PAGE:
When you are a child, Valentine’s Day is so simple. You check all of the names of your classmates off of a list, carefully selecting who gets which card (the boys always got the generic messages), and making the appropriate box for collecting all of the disposable candy and messages that come home after a sugar-fused class party.
Then boys and girls start to be more interesting. Suddenly every card’s message has to be carefully analyzed for how it will be understood by the recipient. People start giving “special” gifts to their crushes, days-long “relationships” blooming all around, reminding the giftless that they are somehow deficient in the area of love.
During most of my adolescence, Valentine’s Day was the worst day of the year.
I was boy crazy all through elementary, middle, and high school. I easily developed friendships with boys and while I could hold my own with my male classmates, my insides turned to mush as my heart got crushed by one boy after another who saw me as a good friend and nothing more. Every year I longed for a special message from one of those many boys, and every year my crushes lived up to the name.
And the few exceptions to that rule came from unexpected (and undesired) places.
There was my sixth grade year when the class “dork” gave me a special Valentine and professed that he liked me. A nearly friendless transfer student, I was both flattered and repulsed because that was not how I wanted to finally be recognized by my peers. I wilted as I realized that my crush, the boy who I thought was the cutest in the class, was one of those encouraging the boy’s advances.
There was high school when a boy who was totally off of my radar approached me in class with candy and a stuffed animal. While he didn’t ask me out he had definitely made his intentions clear and I spent the next several months navigating the messiness of trying to make it clear in the nicest and politest way possible that I wasn’t interested in dating him.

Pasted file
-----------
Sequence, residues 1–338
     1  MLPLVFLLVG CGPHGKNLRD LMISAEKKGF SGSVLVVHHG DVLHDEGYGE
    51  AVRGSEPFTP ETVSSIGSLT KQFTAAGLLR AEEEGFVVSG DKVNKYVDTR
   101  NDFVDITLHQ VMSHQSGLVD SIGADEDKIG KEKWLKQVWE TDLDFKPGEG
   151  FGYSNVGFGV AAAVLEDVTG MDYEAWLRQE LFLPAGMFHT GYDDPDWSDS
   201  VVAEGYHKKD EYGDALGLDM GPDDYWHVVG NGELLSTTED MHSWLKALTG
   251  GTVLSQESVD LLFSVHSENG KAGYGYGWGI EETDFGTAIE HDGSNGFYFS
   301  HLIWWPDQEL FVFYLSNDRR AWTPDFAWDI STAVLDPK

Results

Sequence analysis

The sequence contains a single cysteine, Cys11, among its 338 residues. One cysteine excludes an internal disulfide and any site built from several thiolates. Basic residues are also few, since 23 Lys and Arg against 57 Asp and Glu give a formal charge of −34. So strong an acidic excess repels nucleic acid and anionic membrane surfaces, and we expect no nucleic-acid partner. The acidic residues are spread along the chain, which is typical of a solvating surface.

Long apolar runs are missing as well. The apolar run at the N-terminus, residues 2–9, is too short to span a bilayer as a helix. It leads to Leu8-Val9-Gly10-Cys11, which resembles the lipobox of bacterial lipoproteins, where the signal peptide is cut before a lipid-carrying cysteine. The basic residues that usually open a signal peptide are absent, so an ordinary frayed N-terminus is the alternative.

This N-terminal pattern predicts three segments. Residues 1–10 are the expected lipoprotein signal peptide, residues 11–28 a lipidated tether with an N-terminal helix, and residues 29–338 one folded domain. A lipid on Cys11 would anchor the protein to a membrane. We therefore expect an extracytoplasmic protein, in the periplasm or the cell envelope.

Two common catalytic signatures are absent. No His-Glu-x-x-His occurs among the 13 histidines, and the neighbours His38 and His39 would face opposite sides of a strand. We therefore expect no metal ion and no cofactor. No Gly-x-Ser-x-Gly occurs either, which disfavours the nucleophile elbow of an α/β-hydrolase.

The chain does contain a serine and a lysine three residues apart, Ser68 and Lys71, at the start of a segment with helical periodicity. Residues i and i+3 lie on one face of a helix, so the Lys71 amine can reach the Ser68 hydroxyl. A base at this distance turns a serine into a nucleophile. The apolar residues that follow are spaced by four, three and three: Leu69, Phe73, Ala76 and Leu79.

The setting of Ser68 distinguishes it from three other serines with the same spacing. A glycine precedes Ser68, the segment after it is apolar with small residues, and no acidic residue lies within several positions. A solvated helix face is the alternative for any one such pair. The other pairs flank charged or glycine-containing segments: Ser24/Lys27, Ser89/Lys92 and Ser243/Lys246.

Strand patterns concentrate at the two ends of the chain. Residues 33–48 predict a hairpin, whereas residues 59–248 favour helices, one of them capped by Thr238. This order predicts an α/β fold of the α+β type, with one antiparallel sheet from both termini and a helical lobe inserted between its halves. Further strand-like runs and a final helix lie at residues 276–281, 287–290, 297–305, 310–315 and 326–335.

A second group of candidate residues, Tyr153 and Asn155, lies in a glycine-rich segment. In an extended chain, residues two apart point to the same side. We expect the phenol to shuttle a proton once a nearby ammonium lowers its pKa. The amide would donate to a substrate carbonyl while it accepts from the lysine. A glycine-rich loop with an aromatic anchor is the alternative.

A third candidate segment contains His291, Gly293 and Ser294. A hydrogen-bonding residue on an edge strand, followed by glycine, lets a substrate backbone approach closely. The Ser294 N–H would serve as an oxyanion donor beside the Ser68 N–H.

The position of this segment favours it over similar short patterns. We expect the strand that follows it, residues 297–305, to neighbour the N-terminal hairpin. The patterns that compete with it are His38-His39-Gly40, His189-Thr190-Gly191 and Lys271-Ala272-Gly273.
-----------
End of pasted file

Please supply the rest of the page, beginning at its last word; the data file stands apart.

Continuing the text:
But for the most part, my boy-crazy self spent my adolescent Valentine’s Days lonely and disappointed in my inability to attract the attention of a boy I was actually interested in.
That all changed my freshman year of college.
I left for college with a plan. I was going 600 miles from home, I was going to meet a boy at school (just like nearly every member of my family had done), I was going to get a degree, and then I was going to get married immediately after graduation to the boy that I met in some random class my freshman year of college.
But the summer before I left for college I met a boy. He took me on a date to watch fireworks along the shores of Lake Michigan and in the weeks that followed we spent every moment we could together. He was fun. I liked him. But he didn’t fit in the plan.
So despite the constant emails, occasional phone calls, and a return to a rhythm of going on dates but not dating when I came home for both Thanksgiving and Christmas, I wasn’t going to date him. I wasn’t going to fall in love with him. And I most certainly would not ever, ever, ever consider marrying him.
I returned to school with a resolve that I had no interest in dating a boy 700 miles away. Then on Valentine’s Day my roommate and I were awakened by a phone call announcing a delivery. I carried a dozen roses into our dorm room, looked at the note, and freaked out. We weren’t dating. I didn’t want to be in love with him. I had other plans.
Over the next 10 months we were the epitome of teenage stupidity. Let’s just say we were the perfect example of how not to cultivate a healthy young adult relationship.
By the next year, we had at least figured out that we were willing to try a long-distance relationship, which meant that I was no longer single on the most dreaded day of the year.
The only problem was my boyfriend was several states away and he had to somehow top the dozen roses that he had sent me before we were even dating.